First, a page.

[whatwg] Script-related feedback
w3c at adambarth.com
Wed Jan 9 00:22:40 PST 2013
On Mon, Jan 7, 2013 at 7:51 PM, Ian Hickson <ian at hixie.ch> wrote:
> On Mon, 7 Jan 2013, Adam Barth wrote:
>> > the user agent to act as if the end of the Program production had been
>> > reached, and that it should treat the remainder of the file as another
>> > Program?
>> > This could even be done in a backwards-compatible fashion by having
>> > the syntax to do this be something that down-level clients ignore,
>> > e.g.:
>> > /*@BREAK*/
>> > ...or some such.
>> That approach is an in-band signal, which means it's vulnerable to
>> injection attacks.
> If you can inject this, you can inject arbitrary code, so I don't see how
> this would be a problem.
>> following form:
>> var userData = "<?php echo santize($userData) ?>";
>> Currently, the rules for sanitizing using input are relatively
>> straightforward (essentially, you just need to worry about a few special
> Those simple rules would prevent anyone from inserting a pragma-like
> comment, too, so that's fine.
>> However, if we implemented an in-band signaling we might well break
>> these sanitation algorithms.
> How? I'm not suggesting changing any JS syntax, just making existing JS
> syntax be used as a signal.
> If making a comment do this is too dodgy, make it something like this:
> ...and for down-level support, define an explicit breakParsing function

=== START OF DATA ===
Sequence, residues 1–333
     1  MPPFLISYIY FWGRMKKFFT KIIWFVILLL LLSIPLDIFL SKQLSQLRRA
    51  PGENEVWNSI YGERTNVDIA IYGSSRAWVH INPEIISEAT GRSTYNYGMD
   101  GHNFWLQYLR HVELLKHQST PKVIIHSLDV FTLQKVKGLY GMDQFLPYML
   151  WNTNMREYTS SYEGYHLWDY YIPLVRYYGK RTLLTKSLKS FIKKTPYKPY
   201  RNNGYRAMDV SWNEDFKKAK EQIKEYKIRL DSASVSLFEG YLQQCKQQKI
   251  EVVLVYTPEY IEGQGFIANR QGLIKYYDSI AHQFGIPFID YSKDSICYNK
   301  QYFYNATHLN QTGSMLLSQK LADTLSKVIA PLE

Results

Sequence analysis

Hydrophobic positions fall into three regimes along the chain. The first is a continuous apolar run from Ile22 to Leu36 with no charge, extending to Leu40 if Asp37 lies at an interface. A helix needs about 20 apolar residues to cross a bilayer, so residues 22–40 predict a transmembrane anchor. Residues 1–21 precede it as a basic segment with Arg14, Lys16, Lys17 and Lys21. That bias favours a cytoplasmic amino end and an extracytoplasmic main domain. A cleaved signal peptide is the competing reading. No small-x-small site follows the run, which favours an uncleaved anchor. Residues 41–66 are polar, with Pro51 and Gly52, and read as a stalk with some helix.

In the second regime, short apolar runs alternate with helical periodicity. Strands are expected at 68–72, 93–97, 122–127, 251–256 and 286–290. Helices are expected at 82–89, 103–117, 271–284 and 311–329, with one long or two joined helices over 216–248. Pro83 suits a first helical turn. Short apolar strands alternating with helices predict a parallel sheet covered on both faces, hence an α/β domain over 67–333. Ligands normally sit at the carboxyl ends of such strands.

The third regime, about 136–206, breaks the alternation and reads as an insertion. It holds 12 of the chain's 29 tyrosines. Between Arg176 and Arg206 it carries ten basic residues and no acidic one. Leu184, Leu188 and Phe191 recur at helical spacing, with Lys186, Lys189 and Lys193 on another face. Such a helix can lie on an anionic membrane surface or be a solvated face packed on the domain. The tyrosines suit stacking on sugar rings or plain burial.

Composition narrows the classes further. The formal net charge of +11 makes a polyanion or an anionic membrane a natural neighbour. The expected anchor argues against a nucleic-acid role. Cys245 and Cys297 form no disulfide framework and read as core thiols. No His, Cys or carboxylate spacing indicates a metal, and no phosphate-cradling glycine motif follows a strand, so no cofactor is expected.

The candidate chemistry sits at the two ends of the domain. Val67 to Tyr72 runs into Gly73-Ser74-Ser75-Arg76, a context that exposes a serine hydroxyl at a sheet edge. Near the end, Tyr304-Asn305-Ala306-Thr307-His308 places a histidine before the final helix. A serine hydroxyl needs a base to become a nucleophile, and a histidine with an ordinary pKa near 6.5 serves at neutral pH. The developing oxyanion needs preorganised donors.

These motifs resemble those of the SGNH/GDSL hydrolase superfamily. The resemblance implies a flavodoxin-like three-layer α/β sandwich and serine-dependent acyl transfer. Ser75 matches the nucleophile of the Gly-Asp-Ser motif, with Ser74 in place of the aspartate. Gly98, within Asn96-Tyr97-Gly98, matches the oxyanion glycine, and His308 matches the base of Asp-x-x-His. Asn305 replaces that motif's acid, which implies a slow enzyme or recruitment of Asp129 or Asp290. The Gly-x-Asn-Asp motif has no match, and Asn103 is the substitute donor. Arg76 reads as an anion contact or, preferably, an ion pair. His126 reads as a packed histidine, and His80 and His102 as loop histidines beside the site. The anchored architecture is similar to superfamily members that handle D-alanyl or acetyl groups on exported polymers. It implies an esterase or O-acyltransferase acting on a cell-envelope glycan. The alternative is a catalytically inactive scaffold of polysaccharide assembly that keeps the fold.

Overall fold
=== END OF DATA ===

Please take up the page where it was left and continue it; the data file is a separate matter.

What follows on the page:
> that does nothing. If someone can insert a function call into JS, you've
> definitely lost already.
Working through some examples, that seems really strange:
In this case, breakParsing() works a bit like "yield()" in other
programming languages: first foo() executes, then the event loop
spins, then bar() executes. However, if we wrap the code in an
Now I get either get a parse error, if breakParsing() actually breaks
up the parsing, or breakParsing() does nothing, both of which are
surprising. Worse, other seemingly trivial syntactic transformation
also break the magic:
production, and my script executes slowly.
I guess I don't understand the advantage of trying to cram this into
language and everything to do with providing an efficient way for web
HTTP already has an efficient mechanism for delivering several
<iframe> already support multipart, it seems much simpler just to make
<script> support multipart as well.
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